August 12, 2012 | 6:27 pm
Posted by Rabbi Mark Diamond
On Sunday, August 12, I was honored to represent the Board of Rabbis/Jewish Federation and the Los Angeles Council of Religious Leaders at “A Day of Hope and Healing: Shabad Remembrance of the Wisconsin Shooting.” The commemoration was held on the steps of LA City Hall and featured music, prayers and remarks from Sikh leaders, elected officials, law enforcement representatives, and faith leaders. I share these reflections with the hope and prayer that we will redouble our efforts to make our community a true City of Angels.
Reflections: A Day of Hope and Healing
Los Angeles City Hall - August 12, 2012
Rabbi Mark S. Diamond
Los Angeles Council of Religious Leaders
Executive Vice President
The Board of Rabbis of Southern California
The Jewish Federation of Greater Los Angeles
ראה אנכי נותן לפניכם היום ברכה וקללה
“See, this day I set before you blessing and curse.”
This verse from Deuteronomy opens the weekly Torah portion that will be recited in synagogues throughout the world this coming Shabbat. We come together today to confront curses, and to celebrate blessings. Today we mark a horrific, senseless act of terrorism that struck at the very heart of our community and our nation.
We join together this afternoon to express our heartfelt concern and sympathy on last week’s tragic act of terror in Wisconsin. We are shocked and horrified by the brutal attack on the Sikh temple in suburban Milwaukee. Our thoughts and prayers are with the members of the Sikh community. We stand in solidarity with our Sikh brothers and sisters during this difficult time, as we pray for strength, comfort and healing for the victims, their families and friends.
Today we deplore the curse of gun violence that plagues our nation. We cry out against the curse of causeless hatred that divides our community. We abhor the curses of prejudice and intolerance that set neighbor against neighbor.
We say with a loud and clear voice: An attack on one house of worship is an attack upon all of us. An assault on one faith community is an assault upon all of us.
Even as we denounce curses, we honor blessings in our midst. We are thankful for the blessings of worshippers at the Sikh temple who sacrificed their lives so that others might live. We are grateful for the blessings of emergency personnel and other first responders who ended the carnage and rescued victims at the scene. We give thanks for the blessings of the worldwide Sikh community and our own Sikh community here in Los Angeles, and celebrate the bonds that unite us.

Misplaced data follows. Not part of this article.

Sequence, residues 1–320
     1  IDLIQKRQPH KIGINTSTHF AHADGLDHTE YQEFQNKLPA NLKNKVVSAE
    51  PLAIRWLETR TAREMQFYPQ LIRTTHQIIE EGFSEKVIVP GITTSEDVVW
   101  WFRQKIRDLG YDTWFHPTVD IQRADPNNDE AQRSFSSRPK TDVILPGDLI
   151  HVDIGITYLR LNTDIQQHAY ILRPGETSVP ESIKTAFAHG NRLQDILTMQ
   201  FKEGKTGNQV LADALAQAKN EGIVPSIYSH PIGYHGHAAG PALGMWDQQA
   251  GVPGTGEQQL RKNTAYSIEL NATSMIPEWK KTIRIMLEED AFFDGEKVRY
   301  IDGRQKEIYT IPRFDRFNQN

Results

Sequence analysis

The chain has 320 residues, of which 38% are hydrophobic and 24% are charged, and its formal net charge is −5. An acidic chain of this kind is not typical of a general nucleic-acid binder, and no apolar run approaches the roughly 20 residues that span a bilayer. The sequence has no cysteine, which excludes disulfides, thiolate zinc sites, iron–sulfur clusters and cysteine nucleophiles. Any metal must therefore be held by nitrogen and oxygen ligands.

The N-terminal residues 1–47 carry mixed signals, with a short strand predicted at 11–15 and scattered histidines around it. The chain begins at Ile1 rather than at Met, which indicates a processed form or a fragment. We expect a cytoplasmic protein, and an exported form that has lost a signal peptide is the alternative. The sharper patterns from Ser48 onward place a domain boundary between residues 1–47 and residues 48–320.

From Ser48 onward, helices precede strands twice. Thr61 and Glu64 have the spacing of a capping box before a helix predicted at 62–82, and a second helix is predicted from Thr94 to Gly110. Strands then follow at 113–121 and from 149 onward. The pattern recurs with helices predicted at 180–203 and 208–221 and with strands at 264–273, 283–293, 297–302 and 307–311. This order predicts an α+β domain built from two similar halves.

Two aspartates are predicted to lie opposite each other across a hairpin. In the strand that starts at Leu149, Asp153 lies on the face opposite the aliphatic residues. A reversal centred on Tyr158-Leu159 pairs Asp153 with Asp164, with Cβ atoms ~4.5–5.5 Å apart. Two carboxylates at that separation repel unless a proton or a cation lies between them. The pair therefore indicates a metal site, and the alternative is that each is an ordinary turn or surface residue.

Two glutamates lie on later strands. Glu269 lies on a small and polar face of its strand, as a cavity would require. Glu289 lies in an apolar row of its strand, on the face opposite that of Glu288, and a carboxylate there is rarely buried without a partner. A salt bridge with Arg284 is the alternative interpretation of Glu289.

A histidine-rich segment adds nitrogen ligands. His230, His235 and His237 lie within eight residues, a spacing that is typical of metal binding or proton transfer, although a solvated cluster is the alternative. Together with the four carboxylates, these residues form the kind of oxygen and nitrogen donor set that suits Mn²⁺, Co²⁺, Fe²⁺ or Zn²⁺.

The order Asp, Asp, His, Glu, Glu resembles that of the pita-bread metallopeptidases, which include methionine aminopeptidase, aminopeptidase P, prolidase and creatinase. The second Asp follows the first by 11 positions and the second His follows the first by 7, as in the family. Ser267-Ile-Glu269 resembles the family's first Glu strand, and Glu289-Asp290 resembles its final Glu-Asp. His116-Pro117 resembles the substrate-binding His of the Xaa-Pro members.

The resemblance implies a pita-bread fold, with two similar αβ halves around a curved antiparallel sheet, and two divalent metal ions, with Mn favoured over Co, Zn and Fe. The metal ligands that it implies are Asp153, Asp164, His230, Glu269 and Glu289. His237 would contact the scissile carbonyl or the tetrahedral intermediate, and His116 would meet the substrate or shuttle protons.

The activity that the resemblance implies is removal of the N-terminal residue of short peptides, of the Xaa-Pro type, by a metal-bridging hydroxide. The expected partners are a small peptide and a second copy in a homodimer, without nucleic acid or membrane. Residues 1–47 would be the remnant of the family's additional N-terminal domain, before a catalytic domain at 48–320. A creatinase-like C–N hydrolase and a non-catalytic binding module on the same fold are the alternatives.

There is another verse in the weekly Scriptural portion that helps me to cope with the tragedy in Oak Creek.
בנים אתם לאדני אלוהיכם , we are taught in Deut. 14:2. “You are children of the Lord your God.” Two rabbinic sages debate the meaning and import of these words in a passage in the Talmud. Rabbi Yehudah said: You are called God’s children only if your behavior makes you worthy of the title. Rabbi Meir replied: You are called God’s children no matter how you behave.
Rabbi Yehuda argues that there are times when our conduct is so abhorrent, so inhumane, that we obliterate the Divine image within us. Rabbi Meir disagrees, and suggests that even at our worst, even when we act more like animals than human beings, we remain children of God.
I don’t know what these sages would say in response to the tragedy in Wisconsin. I do know this. Rabbi Yehuda and Rabbi Meir argue about hundreds of issues great and small in the annals of rabbinic literature. And, in every case, the law follows Rabbi Yehuda—with one exception, this dispute. In this matter, Jewish law sides with Rabbi Meir. We are called God’s children; we remain God’s children, at all times and in all places.
The Torah teaches that human beings are created in the Divine image. And it warns us of the consequences of our failure to live by this creed. Darkness envelops us when we refuse to see God’s image in our fellowmen and women. Tragedy and misery ensue when God’s children stop caring for and about one another.
Each of us is a precious, irreplaceable gift. Each of us can help to repair our fractured world.
בנים אנחנו לאדני אלוהינו. We are all children of God. May we work together to polish our tarnished image. Amen.
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